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Sailing Daily NewsPage

Published Monday, Tuesday, Thursday and Friday

1 November 1999

Issue # 83

Playstation= Code Green

This week should see Steve Fosset's Playstation make her attempt at the Transatlantic record crossing.  Playstation and her crew are now on a code green readiness level meaning departure in planned within 48 hours.

Expected departure is at 1200 Wednesday.  Steve Fossett expects gale force winds on the beam of the 105 foot machine the first day.  Once they pass Newfoundland, Fossett expects some downwind sailing.  This will necessitate sailing north of the great circle rhumb line and then at some point gybing and crossing to the south of the line.

ISAF Women's Match Racing Worlds

This weekend saw the quarter, semi and finals of this regatta.  By regatta's end a new champion had won the title.

Emerging from the 24 boat field to make the quarterfinals were: Klaartje Zuiderbaan, Cory Sertl, Betsy Alison, Dorte Jensen, Shirley Robertson, Dru Slattery, Millbourn, and Sharon Ferris.  Eliminated were Millbourn, Ferris, Robertson and Slattery.

This gave semifinal pairings of: Jensen and Sertl and Zuiderbaan and Alison.  Advancing to the finals were Alison and Jensen.

Sailing J22's in moderate conditions the finalists split the first two races.  The winner would be the first 3 wins.  Jensen then swept the next two races and is the new match racing world champion.

In the contest for 3rd Cory Sertl beat Klaartje Zuiderbaan.

Jensen's victory gives Denmark the distinction of having the reigning women's match racing champion, and also the men's champion who is Sten Mohr also a Dane.

Transat Jacque Vabre

It appears that Fujicolour will cross the finish line to win the multihull division.  At last report Loick Peyron's trimaran was 43 miles from the finish sailing at 15.9 knots.  The battle for 2nd in this class is tremendously close.  Groupama has charged from way back and now holds 2nd place by 2 miles over Foncia.  Groupama would seem to have the edge in what is now a very fast match race with a reported speed of 15.1 to Foncia's 12.6.  Groupama continues to push hard reporting: "We relay at the helm every two hours with Franck."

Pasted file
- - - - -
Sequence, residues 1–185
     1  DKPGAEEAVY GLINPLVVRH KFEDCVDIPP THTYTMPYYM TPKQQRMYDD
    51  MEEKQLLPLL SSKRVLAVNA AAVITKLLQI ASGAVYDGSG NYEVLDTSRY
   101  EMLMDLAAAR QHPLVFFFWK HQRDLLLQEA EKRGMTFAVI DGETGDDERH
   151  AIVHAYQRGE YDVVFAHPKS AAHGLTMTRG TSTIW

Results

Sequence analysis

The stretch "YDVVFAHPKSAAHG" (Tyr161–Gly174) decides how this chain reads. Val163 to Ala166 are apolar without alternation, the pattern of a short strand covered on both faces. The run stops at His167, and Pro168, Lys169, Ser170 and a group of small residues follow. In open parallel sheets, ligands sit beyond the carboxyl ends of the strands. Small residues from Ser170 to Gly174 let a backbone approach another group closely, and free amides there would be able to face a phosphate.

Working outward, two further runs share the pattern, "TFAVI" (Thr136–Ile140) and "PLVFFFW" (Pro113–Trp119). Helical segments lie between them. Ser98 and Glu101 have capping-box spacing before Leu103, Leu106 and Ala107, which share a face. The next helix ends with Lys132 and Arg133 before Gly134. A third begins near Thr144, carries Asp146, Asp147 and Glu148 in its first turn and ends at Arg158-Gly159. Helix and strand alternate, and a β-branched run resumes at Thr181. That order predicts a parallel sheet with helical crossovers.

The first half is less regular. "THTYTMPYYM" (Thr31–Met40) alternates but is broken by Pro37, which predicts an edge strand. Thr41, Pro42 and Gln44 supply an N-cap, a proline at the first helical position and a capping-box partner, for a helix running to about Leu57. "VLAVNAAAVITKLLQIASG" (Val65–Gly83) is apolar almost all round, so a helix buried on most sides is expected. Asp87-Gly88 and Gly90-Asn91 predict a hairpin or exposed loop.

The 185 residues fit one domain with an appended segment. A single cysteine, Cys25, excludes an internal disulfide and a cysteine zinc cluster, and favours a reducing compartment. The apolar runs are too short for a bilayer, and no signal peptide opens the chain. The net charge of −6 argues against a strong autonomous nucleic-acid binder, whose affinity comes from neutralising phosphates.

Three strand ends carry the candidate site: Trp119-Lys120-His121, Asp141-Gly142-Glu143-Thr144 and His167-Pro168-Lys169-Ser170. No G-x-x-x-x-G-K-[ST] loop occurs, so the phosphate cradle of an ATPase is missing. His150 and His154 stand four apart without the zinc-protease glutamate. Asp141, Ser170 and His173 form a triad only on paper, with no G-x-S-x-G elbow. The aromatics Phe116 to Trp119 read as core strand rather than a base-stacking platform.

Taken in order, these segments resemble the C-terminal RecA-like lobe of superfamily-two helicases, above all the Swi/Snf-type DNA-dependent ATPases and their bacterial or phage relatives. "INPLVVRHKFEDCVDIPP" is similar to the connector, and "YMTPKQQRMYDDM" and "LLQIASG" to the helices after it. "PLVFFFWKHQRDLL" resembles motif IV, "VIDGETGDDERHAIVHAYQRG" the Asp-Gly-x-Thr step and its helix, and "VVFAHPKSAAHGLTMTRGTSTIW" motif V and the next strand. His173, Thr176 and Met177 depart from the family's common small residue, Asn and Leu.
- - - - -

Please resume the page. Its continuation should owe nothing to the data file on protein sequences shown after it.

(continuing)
Whirlpool still leads the 60 foot monohuuls.  The lead is down to 52 miles.  One reason for this is that Whirlpool made a pit stop to pick up a new spinnaker.  Whirlpool report, "We're in our first calm zone since the start."  Due to this Whirlpool's speed is down to 6 knots less than most of her pursuers.  2nd is Sobedo. Thomas Coville describes Sobedo's strategy: "we have just gybed in order to go on the port tack. During the night we headed to starboard to keep Sill Enterprises in check, but also to be on a different heading to Whirlpool-Europe 2. This strategy is both optional and conservative as we're already a long way to the south."  Sobedo is obviously trying to simultaneously take over 1st and hold onto 2nd. 3rd is Sill Enterprises only 20 miles in back of Sobedo.  From Sill, Jean Le Cam comments: "It's always more comfortable to be in front, but there are lots of lessons that can be learnt by those behind."  Perhaps the trailers are learning as both are faster than Whirlpool.  Now 4th is Team Group 4 54 miles back of Sill.  Group 4's Mike Golding sums up their comeback: "On the final run towards the St Barts gate we have consistently been making gains on the rest of the fleet. Its been light airs downwind sailing for the past few days not usually our best point of sail. Somewhere is now 26 miles astern and Sill only 48 ahead. Even Sobedo now seems catchable at 83 ahead. Whirlpool is now 157 away, when we finally escaped from the Biscay hole they were near 400 ahead so our gains seem significant."  At 8.4 knots Group 4 was at least keeping up if not gaining.  Next comes Somewhere which at one point in the race was 2nd, and is now 5th 49 miles back of 4th.

6th is Aquitaine/Kingfisher 606 miles back of 1st.  7th is Gartmore/First Call 773 miles out.

Class II is led by Pindar by 95 miles over Spirit of the Race. 

This Transat will be Loick Peyron's and he comments: "We are completing our 4th transat with Franck and Fujicolor II and it's a pleasure to dedicate this victory to Fujicolor II. It's a good way to say to each other farewell."  Why is Fujicolour ahead?  Peyron explains: "If you can't be extremely good in all areas then at least you should not be bad in any area. We've been very good in the transition of the race when tactical decisions were needed."  

As the fleets close on Columbia Peyron's statement sounds true.  The boats will have to maintain a high level of sailing and make the correct decision or places could be lost.